• Like 2

Share this post


Link to post
Share on other sites

Go to ubc! there is no debate. Take the money you save and explore Toronto multiple times per year if you want to. Lol. UBC is an amazing school, it’s beautiful and its grads are well received in the legal market. If you do well you can place in Toronto from ubc. Plus free boarding!?! Toronto isn’t worth the premium

Share this post


Link to post
Share on other sites
Posted (edited)
4 hours ago, erinl2 said:

Did the OP mention a desire to work in the U.S.? I must have missed that. 

@Timmies123  That is a somewhat random choice of four firms.  U of T for many years sent ~30 students to NY firms. I imagine that Osgoode and McGill had a fairly significant number as well. Now, how long those people remain in NY is another issue.  Most don't stay for long.

It was mentioned as a potential benefit of attending the Toronto schools on one of the other posts here. Its also something that is at other times mentioned as a potential benefit to going to U of T, Oz, or McGill. Again, I wasn't necessarily saying this is a false notion, and I did  add my disclaimer that it is a random collection of 4 of some of the biggest law firms in the USA. I would be interested in seeing if I continued to go throw the big  firm websites, if this pattern would change. I have not yet seen any statistical evidence ( how we see the ultra vire numbers for the 2L summer recruit) supporting this notion yet. That doesn't mean its false, I was just beginning to look deeper at this notion and trying to see for myself if there exists any validity within it. Especially if we are to use this point to compare it to the benefits of attending schools like U of T and Oz and paying the premium that comes with that, then I would personally want to see the magnitude of difference between a school like U of T and UBC in that regard from a numerical perspective.

4 hours ago, GodotXVII said:

I dunno why people on this forum always look at sticker costs without considering scholarships and financial aid. OP, punch in your info into this calculator: https://www.law.utoronto.ca/financial-aid-calculator to get an estimate on your fin.aid at UofT. Also, contact OSAP to see if you are eligible for bursaries as an out of province student, and use their calculator to figure out how much aid you will get (if eligible): https://osap.gov.on.ca/AidEstimator1819Web/enterapp/enter.xhtml. I know people who ended up paying under 5k in tuition at UofT due to a combination of school aid, government aid, and tax credit kickbacks. Figure out what your actual costs of attendance are before making any big decisions (i.e. before you blow your money on app fees).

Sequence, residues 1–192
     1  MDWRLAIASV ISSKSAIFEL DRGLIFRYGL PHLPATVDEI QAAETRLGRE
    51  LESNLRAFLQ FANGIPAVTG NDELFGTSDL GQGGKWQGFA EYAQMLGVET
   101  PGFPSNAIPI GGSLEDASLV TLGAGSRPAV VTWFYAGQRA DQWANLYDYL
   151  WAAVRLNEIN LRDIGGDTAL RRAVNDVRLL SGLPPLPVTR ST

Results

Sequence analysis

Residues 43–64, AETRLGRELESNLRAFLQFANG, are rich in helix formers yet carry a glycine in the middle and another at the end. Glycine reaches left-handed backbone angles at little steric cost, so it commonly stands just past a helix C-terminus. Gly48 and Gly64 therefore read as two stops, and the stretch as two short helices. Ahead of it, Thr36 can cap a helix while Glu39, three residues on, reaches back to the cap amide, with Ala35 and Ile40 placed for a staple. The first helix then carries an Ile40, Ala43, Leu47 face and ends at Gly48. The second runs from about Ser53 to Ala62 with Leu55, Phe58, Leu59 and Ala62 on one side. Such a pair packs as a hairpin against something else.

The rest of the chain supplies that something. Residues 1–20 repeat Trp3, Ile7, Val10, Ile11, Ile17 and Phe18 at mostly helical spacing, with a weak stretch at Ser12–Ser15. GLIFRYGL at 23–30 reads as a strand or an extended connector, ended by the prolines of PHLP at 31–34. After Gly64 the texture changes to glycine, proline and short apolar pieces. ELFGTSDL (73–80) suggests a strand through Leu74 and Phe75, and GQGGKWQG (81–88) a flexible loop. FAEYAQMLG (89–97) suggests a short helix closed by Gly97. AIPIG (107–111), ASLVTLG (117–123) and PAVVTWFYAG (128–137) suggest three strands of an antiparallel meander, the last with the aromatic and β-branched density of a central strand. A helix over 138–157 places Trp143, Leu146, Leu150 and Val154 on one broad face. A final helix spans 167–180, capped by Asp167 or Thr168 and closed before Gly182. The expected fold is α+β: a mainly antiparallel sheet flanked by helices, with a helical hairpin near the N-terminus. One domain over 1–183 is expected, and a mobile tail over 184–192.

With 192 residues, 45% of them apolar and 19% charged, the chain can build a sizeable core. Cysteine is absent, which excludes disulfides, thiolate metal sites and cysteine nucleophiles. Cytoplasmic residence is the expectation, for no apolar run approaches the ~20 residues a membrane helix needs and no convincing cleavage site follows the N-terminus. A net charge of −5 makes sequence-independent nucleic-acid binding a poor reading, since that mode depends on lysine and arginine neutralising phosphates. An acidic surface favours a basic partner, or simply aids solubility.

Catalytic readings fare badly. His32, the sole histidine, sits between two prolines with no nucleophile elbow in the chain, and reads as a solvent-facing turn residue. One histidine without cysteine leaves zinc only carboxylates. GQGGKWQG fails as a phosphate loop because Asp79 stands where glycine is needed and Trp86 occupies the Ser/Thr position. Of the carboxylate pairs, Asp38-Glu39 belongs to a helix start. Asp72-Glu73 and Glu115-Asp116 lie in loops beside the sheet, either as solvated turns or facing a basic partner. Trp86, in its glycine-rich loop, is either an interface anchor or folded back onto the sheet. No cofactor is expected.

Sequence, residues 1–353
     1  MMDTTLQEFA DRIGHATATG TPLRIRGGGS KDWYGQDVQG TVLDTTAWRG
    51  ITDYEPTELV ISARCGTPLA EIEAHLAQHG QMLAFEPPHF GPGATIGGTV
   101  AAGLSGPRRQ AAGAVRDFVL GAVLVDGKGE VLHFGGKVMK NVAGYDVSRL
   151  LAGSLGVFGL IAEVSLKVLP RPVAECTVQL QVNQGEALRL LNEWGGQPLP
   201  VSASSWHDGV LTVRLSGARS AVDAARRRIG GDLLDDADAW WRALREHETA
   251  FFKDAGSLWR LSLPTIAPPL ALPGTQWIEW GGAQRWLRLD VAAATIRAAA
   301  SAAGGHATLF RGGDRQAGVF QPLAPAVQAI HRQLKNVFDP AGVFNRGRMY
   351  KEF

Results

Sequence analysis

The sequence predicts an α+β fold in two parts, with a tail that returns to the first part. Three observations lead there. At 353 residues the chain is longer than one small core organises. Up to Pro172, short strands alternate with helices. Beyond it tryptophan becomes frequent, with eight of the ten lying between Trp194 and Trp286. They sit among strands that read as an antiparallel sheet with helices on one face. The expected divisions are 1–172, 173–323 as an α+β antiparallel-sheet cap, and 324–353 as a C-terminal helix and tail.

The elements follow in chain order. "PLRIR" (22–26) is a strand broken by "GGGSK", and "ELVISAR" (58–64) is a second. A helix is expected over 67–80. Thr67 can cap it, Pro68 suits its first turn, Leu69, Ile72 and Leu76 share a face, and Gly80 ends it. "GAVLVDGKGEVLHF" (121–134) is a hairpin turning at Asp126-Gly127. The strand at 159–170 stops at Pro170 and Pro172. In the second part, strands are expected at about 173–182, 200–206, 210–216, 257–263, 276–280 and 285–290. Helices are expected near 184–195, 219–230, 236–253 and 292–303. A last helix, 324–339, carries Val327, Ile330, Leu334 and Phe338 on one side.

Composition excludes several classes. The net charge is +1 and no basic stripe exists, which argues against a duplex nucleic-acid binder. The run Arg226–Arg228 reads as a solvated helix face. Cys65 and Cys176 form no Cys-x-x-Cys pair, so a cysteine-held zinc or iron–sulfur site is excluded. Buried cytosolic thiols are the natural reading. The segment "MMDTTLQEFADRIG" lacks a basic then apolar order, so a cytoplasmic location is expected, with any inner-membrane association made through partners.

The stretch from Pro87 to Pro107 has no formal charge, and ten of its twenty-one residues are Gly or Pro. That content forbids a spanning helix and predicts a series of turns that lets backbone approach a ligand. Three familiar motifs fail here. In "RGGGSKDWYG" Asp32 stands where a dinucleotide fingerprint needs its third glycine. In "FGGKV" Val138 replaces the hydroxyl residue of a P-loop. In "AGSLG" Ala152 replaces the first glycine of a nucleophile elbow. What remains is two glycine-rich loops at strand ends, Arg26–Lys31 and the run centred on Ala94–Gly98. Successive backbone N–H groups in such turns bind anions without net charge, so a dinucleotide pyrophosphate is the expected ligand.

You are correct that Oz and U of T have generous financial aid. However, my gut feeling is that if we included all bursaries and financial aid etc into our conclusions for both the Toronto schools and UBC and compared them, UBC STILL works out to SIGINFICANTLY cheaper. Does that mean I think the premium to pay at a place like U of T and Oz is not worth it? Not necessarily.  I mentioned some reasons why people might pay the premium of the Toronto schools. As you also mentioned, the OP should ponder for their  needs, desires, and situation. When I used the calculator to see how much help I would have recieved if I had been attending U of T, I still get around 25 000 in tuition price a year. That's with the 15 000 bursaries which I am expected to receive ( but not guaranteed). I'm assuming Oz would be around 20 000 a year or less ( I think you can get up to 10 000 a year or more depending on financial need?). The thing is its variable, and  we wont  really know until after  we start school for that year ( I know for Oz you don't get he bursary until after Sept., I'm not sure for U of T). UBC also offers financial aid though, so we would have to compare after we also factor that in. I don't see the Toronto schools coming close in tuition pricing to UBC or McGill. Now again, if its worth it is a different discussion. Perhaps. Depends for the OP and their own situation, as is the decision we all must make for ourselves , should we find ourselves admitted to one of the Toronto schools. Is the magnitude of difference between attending UBC law and U of T/Oz in terms of big law prospects ( assuming for discussions sake one is interested in this route) really that big that one should pay the premiums these schools charge? I do not necessarily know the answer, but it is a question for anyone in this dilemma of choosing between the 2 schools. 

 

Edited by Timmies123

Share this post


Link to post
Share on other sites

Create an account or sign in to comment

You need to be a member in order to leave a comment

Create an account